Peel of fruit(cured)
Kokam is a slender evergreen small tree with drooping branches. It is a dioecious tree growing up to 18 mtr high. The fruit is spherical, purple, not grooved having 5-8 seeds compressed in an acid pulp.
Origin and Distribution
The tree is oriental in origin, found in Southern India, particularly in the tropical rain forest of Western Ghats of Ratnagiri, Konkan, Coorg and Wynadu region. It is also found in the evergreen forests of Assam, Khasi, Jantia hills, West Bengal and Gujarat. The crop prefers warm and moderately humid tropical climate with a total rainfall range of 2500-5000mm grows under a mean annual temperature of 20-30 degree C, 60-80% humidity and up to an altitude of 800 mtrs above MSL.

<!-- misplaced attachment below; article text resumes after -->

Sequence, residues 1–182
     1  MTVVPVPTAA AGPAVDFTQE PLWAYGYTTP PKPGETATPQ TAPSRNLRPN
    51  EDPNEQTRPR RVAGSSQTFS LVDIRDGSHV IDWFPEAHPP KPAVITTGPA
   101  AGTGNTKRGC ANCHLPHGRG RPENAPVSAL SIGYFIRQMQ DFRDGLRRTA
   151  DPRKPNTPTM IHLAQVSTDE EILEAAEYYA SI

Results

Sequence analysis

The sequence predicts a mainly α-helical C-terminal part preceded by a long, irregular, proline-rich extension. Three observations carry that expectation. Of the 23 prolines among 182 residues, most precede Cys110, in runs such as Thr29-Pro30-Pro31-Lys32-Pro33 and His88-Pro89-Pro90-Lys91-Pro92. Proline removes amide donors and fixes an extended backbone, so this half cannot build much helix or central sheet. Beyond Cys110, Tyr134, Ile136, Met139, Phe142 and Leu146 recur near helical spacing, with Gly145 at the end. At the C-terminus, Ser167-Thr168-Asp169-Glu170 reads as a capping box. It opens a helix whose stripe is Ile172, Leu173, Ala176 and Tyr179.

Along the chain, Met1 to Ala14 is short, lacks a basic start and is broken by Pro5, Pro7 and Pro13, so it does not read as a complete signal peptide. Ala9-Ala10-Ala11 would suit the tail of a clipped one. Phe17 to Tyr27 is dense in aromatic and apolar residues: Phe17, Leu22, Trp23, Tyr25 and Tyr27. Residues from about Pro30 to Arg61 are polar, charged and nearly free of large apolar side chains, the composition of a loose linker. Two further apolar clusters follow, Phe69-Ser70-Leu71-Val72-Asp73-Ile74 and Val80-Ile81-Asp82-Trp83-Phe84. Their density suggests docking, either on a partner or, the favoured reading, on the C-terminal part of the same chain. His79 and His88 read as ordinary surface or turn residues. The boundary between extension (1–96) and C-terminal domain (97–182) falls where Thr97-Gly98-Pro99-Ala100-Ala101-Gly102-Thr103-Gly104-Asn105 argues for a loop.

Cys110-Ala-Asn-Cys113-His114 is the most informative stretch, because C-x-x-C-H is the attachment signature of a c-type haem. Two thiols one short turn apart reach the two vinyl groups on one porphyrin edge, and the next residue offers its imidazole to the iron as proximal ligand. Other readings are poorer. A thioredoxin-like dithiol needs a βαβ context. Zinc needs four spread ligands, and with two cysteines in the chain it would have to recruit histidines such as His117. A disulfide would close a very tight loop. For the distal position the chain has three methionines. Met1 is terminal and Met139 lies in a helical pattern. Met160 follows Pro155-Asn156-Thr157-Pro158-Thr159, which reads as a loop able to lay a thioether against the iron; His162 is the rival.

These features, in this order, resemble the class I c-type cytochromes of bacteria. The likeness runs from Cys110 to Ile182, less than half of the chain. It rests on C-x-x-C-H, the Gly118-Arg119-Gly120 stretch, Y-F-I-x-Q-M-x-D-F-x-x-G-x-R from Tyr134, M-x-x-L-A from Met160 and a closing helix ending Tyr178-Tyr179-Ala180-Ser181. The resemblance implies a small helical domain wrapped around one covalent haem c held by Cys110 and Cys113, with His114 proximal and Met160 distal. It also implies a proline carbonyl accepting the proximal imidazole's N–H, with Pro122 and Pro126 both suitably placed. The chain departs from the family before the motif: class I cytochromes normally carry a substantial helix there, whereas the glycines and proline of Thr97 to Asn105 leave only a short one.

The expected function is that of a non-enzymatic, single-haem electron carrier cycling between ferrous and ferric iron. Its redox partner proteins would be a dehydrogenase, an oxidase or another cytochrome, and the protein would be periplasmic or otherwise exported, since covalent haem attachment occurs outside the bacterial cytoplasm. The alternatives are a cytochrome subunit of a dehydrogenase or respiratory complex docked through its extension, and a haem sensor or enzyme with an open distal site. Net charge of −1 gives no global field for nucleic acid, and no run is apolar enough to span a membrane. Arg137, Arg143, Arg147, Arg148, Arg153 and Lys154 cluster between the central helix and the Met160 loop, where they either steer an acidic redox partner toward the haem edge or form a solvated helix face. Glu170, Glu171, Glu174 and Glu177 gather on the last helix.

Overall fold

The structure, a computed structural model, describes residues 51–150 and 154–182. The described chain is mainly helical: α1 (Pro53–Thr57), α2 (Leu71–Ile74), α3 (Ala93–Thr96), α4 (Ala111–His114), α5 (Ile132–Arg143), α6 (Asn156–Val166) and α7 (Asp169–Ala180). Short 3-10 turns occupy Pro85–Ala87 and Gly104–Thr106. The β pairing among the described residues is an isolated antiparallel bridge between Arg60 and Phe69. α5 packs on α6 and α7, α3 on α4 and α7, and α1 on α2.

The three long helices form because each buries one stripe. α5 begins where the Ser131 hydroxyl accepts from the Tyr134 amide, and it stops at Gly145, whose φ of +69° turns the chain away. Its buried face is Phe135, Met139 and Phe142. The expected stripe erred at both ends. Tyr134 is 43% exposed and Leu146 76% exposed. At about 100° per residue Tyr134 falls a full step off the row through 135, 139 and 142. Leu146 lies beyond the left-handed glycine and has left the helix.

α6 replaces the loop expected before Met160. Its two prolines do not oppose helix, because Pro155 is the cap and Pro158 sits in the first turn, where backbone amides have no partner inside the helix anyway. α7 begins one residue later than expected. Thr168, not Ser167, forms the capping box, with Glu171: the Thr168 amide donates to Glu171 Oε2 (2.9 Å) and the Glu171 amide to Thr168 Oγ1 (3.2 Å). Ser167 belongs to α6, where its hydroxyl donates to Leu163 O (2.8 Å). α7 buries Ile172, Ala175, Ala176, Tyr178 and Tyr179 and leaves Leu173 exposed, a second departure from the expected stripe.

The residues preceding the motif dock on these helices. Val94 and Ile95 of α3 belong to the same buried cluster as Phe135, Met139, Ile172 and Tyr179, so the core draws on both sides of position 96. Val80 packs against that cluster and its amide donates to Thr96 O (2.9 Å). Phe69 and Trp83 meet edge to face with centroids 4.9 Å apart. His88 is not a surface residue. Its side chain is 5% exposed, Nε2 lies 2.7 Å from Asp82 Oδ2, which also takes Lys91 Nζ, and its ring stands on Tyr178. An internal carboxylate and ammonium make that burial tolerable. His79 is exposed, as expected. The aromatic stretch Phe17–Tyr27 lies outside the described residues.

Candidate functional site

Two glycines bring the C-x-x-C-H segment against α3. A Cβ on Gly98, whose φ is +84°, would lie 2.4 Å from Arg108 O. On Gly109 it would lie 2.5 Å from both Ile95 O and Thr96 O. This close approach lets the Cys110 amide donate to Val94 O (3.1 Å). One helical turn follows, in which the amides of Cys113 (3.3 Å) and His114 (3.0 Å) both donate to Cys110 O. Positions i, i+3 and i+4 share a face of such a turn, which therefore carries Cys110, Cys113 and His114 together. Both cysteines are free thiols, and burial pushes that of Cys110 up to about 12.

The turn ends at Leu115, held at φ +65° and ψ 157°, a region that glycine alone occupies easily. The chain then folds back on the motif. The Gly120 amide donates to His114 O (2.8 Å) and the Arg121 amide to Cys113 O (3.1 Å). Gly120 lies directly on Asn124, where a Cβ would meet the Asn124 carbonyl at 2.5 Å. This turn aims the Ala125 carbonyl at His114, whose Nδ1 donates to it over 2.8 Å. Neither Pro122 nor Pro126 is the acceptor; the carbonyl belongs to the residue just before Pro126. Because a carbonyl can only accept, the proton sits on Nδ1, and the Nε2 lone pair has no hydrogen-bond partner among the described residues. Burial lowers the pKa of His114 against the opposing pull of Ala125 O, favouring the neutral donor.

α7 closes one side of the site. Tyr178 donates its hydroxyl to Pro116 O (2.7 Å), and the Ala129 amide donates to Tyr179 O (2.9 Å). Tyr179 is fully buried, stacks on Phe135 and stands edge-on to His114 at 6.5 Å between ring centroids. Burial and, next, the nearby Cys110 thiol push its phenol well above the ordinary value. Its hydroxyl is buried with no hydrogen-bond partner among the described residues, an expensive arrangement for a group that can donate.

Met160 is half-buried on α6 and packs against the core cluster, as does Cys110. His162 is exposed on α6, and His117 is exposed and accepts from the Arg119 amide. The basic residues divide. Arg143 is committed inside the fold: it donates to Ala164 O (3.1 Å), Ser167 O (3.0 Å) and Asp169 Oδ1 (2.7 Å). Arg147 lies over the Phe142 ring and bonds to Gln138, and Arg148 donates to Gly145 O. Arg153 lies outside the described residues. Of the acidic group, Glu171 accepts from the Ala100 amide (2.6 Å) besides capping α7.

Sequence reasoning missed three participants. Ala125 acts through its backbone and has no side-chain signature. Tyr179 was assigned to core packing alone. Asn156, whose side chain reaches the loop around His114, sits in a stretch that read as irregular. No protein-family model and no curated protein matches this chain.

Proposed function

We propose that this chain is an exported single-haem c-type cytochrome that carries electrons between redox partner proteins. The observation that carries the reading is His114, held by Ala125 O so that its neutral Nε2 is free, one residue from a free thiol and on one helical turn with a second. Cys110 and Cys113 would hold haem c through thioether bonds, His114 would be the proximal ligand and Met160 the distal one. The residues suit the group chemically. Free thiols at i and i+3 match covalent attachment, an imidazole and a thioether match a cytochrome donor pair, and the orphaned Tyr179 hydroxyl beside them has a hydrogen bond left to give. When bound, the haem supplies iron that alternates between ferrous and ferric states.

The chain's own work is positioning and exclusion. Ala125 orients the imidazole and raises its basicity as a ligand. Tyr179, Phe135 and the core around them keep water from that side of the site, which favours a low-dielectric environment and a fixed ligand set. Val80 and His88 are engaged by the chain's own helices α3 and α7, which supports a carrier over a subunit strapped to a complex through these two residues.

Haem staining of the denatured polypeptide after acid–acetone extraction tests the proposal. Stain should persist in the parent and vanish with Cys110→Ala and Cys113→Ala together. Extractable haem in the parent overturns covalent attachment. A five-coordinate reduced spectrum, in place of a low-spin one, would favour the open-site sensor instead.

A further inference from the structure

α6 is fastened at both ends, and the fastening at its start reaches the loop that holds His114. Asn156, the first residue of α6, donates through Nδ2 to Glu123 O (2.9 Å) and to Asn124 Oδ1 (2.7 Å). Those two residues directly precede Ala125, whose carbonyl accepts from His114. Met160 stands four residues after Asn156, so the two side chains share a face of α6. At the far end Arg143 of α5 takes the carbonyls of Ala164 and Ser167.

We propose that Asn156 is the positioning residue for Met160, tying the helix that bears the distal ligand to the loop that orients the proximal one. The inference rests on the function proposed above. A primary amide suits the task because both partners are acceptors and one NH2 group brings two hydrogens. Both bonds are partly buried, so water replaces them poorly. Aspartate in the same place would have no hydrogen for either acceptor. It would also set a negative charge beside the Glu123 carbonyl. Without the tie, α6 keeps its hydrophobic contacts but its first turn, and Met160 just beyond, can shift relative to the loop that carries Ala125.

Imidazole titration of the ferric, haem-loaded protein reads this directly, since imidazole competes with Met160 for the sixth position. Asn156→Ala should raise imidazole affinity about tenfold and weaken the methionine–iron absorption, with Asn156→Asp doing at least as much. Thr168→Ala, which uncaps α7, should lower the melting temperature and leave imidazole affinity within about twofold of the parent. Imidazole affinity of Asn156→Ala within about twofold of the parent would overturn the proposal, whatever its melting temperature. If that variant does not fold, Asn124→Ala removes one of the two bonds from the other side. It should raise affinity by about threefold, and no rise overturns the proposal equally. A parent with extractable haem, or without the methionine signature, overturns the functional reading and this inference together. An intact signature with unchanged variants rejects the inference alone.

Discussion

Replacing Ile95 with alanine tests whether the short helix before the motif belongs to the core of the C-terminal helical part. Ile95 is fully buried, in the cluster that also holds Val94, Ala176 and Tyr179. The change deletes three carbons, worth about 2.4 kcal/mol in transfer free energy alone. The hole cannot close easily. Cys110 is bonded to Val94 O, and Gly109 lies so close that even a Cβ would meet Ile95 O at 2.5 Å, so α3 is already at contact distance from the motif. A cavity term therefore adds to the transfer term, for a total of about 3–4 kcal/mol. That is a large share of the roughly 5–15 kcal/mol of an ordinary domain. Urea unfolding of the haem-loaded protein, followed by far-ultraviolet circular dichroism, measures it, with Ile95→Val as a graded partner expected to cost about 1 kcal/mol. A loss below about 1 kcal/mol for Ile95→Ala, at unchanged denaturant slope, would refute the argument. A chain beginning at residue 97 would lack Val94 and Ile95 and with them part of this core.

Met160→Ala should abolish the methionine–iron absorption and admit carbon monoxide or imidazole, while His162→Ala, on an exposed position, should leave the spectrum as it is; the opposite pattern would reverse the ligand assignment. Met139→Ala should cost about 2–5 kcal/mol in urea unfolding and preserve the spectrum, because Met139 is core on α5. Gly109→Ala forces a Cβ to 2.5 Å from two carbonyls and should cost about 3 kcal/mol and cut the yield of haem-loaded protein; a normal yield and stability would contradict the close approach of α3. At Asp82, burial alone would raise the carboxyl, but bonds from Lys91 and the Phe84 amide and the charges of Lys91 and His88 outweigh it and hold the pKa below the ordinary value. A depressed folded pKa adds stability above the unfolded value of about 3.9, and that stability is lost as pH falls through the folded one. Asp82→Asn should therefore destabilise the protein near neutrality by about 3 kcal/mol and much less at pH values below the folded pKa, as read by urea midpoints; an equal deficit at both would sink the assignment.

The ripened, rind and juice of Kokam fruit are commonly used in cooking. The dried and salted rind is used as a condiment in curries. It is also used as a garnish to give an acid flavour to curries and for preparing attractive, red, pleasant flavoured cooling syrup. Kokam butter used as an edible fat, is nutritive, demulcent and antiseptic. The rind has antioxidant property
Indian Name of Spices
Hindi : Kokam Bengali : Kokam Gujarati : Kokan Kannada : Murgala Malayalam : Punampulli Marathi : Amsol, Katambi, Kokam, Ratamba Punjabi : Kokam Tamil : Murgal
Foreign Name of Spices
English : Indian Tallow tree/Garcinia French : Brindonnier Japanese : Garushinia